As men age, they gradually lose androgen, or testosterone, the hormone that makes men ‘men’. Hormone changes are a natural part of aging, but men and women experience these changes differently.
For women, when ovulation ends, their hormone production plummets over a relatively short period of time. Unlike this dramatic reproductive hormone plunge that women experience during menopause, sex hormone changes in men occur gradually over many years.
The altering effects of androgen decline often go unnoticed at first until they eventually become a noticeable health problem and significant health risk.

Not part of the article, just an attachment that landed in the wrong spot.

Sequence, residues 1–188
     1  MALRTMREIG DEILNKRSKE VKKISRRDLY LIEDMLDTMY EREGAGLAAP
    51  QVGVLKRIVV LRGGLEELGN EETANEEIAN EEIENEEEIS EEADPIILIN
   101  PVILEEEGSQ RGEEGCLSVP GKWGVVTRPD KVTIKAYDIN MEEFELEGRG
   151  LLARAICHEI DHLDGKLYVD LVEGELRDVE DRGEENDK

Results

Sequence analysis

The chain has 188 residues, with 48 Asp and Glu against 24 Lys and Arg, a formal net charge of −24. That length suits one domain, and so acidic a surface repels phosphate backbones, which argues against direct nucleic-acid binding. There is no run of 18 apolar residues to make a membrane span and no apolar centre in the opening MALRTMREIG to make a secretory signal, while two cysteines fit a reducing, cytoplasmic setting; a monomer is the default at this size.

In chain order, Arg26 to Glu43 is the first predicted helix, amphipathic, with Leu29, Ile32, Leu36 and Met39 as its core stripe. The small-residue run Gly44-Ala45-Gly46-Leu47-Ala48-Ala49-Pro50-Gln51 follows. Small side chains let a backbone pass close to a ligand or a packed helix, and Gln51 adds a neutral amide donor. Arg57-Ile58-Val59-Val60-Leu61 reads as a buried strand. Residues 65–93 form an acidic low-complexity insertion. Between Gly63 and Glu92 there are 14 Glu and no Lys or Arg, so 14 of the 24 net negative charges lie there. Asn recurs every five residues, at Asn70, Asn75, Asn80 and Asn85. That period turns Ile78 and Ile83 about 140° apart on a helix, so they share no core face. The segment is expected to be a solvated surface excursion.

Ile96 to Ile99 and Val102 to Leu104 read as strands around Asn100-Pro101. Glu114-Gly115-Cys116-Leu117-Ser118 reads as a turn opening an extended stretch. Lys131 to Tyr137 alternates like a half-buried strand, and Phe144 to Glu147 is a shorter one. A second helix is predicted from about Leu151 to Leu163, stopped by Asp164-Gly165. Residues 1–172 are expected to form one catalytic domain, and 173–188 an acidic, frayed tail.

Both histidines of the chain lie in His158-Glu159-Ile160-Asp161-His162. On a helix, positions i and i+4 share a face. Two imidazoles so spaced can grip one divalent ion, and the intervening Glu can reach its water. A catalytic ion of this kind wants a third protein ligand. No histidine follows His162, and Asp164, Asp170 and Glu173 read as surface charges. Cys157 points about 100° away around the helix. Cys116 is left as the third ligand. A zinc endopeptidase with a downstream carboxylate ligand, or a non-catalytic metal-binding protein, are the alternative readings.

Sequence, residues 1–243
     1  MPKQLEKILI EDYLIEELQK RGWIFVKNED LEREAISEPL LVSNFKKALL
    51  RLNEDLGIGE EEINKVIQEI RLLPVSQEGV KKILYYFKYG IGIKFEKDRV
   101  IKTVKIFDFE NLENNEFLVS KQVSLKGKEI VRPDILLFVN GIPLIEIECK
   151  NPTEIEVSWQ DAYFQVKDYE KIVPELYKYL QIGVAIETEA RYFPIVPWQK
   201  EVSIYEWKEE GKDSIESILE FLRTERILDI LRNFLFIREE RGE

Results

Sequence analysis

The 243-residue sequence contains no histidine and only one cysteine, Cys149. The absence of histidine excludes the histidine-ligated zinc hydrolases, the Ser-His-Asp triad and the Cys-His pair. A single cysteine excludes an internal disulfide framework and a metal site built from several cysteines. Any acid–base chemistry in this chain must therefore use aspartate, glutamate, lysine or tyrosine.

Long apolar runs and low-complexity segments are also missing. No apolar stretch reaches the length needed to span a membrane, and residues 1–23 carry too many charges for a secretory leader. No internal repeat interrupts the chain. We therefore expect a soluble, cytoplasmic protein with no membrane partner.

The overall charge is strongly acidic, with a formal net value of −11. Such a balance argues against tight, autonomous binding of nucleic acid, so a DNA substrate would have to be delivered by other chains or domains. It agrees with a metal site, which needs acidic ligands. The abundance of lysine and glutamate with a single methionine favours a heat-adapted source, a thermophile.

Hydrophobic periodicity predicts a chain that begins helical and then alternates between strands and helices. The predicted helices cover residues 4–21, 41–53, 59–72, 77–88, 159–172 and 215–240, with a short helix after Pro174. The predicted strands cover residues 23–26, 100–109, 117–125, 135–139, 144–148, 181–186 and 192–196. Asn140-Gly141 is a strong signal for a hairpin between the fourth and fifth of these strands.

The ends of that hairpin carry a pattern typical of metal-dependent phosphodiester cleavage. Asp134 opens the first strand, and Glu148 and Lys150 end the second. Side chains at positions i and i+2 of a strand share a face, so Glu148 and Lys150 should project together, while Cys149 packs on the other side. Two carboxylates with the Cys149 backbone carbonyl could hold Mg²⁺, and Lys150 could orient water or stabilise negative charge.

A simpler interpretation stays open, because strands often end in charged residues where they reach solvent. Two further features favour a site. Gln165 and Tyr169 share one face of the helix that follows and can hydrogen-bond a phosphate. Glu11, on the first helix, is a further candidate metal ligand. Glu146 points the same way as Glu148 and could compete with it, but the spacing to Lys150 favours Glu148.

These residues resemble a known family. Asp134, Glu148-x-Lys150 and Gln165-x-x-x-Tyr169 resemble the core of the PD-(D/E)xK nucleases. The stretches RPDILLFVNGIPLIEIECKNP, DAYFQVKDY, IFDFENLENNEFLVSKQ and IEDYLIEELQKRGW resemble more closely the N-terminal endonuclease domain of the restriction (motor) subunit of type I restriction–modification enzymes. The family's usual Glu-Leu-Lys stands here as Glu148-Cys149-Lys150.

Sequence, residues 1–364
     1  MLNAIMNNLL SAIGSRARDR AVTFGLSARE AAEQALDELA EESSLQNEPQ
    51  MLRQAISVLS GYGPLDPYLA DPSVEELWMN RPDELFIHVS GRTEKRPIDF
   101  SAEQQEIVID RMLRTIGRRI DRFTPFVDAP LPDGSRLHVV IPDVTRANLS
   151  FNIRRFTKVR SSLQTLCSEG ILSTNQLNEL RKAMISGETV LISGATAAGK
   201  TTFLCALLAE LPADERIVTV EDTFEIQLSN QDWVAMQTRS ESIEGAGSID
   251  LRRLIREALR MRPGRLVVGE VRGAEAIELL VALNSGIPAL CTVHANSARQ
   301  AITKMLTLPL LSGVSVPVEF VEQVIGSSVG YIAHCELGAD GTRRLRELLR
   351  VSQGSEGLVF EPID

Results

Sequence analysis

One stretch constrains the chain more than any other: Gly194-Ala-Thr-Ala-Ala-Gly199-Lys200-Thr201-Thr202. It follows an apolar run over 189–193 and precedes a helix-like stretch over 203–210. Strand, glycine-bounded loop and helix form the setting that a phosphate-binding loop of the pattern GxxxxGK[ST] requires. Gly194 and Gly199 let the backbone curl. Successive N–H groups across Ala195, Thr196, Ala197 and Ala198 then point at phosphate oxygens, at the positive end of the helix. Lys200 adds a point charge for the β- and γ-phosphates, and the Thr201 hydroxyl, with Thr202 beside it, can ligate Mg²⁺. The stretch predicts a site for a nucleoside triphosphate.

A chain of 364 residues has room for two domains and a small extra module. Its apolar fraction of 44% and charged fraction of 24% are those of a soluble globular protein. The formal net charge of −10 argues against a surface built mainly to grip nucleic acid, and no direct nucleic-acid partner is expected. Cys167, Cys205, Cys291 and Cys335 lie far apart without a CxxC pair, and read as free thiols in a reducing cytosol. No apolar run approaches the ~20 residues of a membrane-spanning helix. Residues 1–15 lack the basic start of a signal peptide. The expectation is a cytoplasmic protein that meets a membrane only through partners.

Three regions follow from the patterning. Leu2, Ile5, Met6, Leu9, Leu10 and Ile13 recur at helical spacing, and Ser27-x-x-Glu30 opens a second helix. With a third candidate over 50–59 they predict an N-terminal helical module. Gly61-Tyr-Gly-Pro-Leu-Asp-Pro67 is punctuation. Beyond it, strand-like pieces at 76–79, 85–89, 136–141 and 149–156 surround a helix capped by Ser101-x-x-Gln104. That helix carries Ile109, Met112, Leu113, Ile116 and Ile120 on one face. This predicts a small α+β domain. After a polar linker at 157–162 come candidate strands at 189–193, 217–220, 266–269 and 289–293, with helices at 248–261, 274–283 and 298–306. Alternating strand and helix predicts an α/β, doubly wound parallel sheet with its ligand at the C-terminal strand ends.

When It Begins
Androgen (testosterone) decline can begin as early as age thirty in men with androgen decreasing slowly and steadily by 1% per year. So by age seventy, a man’s testosterone level may be half of what it used to be.
Signs of androgen decline include:
- Loss of energy
- Loss of concentration
- Loss of muscle mass
- Sexual dysfunction
Asking for help can be hard for men, but by being open and honest with their doctor, they can discuss current and effective treatments.
Risks for Disease
Boston University studies link androgen deficiency to gaining belly fat which increases the risk for heart disease, stroke and type two diabetes.
How to Cope
Lifestyle changes, such as a new healthier eating plan, an exercise routine and a stress management program can not only help reverse these natural signs of aging, but can help lengthen a man’s life.